Eastman replaces Rosemary Ryan, who left this week along with the 146-year-old agency's chief creative officer.
JWT has named worldwide digital director David Eastman as the replacement for Rosemary Ryan as president of North America. She and Ty Montague, co-president and chief creative officer of North America, both left the firm this week to start their own agency.
Eastman will retain his role as worldwide digital director along with his new responsibilities.
Placing a digital executive with little experience managing - or, for that matter, working in - a traditional agency is a bold move for JWT, which, at 146 years old, is one of the oldest traditional agency brands in America. Eastman joined JWT just 15 months ago after stints managing Omnicom digital properties like Agency.com and a handful of smaller shops under its DAS (digital agency services) umbrella.
"David Eastman is the future of the next phase of JWT's evolution," Bob Jeffrey, JWT's worldwide chairman and CEO, said in a written statement. "This business is, and will continue to be, about brands, creativity and ideas; but you cannot talk about brands, creativity and ideas these days without talking about technology, digital and media."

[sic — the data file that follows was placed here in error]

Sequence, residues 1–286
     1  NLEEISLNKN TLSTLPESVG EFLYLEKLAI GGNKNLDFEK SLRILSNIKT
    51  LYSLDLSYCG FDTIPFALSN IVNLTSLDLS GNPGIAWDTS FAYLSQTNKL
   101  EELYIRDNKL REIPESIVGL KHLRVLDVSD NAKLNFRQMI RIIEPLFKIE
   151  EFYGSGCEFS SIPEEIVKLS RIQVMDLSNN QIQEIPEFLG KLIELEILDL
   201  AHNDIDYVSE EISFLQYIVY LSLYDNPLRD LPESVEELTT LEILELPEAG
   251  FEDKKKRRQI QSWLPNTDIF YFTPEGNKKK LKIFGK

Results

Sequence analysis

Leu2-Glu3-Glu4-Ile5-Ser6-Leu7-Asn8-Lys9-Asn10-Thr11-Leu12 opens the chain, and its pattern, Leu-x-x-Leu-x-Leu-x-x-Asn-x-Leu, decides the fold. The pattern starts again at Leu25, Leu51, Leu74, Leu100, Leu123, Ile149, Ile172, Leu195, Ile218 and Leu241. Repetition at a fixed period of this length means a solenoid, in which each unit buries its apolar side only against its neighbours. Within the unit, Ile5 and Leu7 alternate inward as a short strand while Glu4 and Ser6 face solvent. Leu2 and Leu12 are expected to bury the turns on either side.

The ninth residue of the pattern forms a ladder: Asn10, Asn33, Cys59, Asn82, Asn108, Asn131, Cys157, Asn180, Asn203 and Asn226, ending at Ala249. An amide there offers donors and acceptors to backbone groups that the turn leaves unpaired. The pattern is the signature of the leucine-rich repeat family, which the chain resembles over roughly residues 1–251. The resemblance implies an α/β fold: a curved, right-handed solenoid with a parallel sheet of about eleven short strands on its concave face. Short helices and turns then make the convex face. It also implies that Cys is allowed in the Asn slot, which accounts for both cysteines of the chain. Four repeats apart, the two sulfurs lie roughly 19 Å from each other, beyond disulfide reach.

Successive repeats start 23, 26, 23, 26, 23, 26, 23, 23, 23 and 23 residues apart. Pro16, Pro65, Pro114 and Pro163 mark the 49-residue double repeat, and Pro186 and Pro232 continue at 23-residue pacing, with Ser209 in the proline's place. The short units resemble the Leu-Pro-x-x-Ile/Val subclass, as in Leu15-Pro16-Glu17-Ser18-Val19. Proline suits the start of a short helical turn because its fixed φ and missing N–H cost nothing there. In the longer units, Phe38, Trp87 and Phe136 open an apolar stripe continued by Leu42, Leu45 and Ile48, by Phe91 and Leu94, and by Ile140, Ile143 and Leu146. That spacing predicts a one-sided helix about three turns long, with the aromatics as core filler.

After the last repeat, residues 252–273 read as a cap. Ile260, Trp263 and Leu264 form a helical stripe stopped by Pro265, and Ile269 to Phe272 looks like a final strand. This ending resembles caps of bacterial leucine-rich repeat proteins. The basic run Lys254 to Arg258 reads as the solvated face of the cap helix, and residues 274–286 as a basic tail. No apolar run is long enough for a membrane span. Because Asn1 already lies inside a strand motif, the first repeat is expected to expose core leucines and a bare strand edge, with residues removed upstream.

Just how Eastman plans to drag JWT into the digital era remains to be seen, but he said the first step was to address the difference in structure and operating procedures that generally separate traditional and digital agencies - a process he had already begun by integrating direct marketing agency RGM into the JWT brand.
"One way we are getting around that is forming a new department called the Experience department to be considered as a peer to creative, account and planning, and will be led by someone who is on the same hierarchical level as the heads of" those other departments, he said. That department will be home to creative technologists, user experience designers, social-media experts, digital strategists and media planners.
The bigger question for clients, however, might be whether someone with so little traditional agency experience can run an agency that, for better or worse, is still largely known for making TV commercials.
"I haven't had an awful lot of experience with traditional advertising," Eastman conceded, "but I would suggest that there are probably 9,000 people at JWT who do, and I'm surrounded by a leadership team here in North America who understand brands, creativity and ideas."
The agency is now looking for someone to serve as a creative partner to Eastman.
JWT was the main agency behind the recent Bing launch for Microsoft. Recent work also includes the Jetting campaign for Jet Blue, though that account has now gone into review.
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Douglas Quenqua is a journalist based in Brooklyn, NY who writes about culture and technology. His work has appeared in The New York Times, Wired, The New York Observer, and Fortune.
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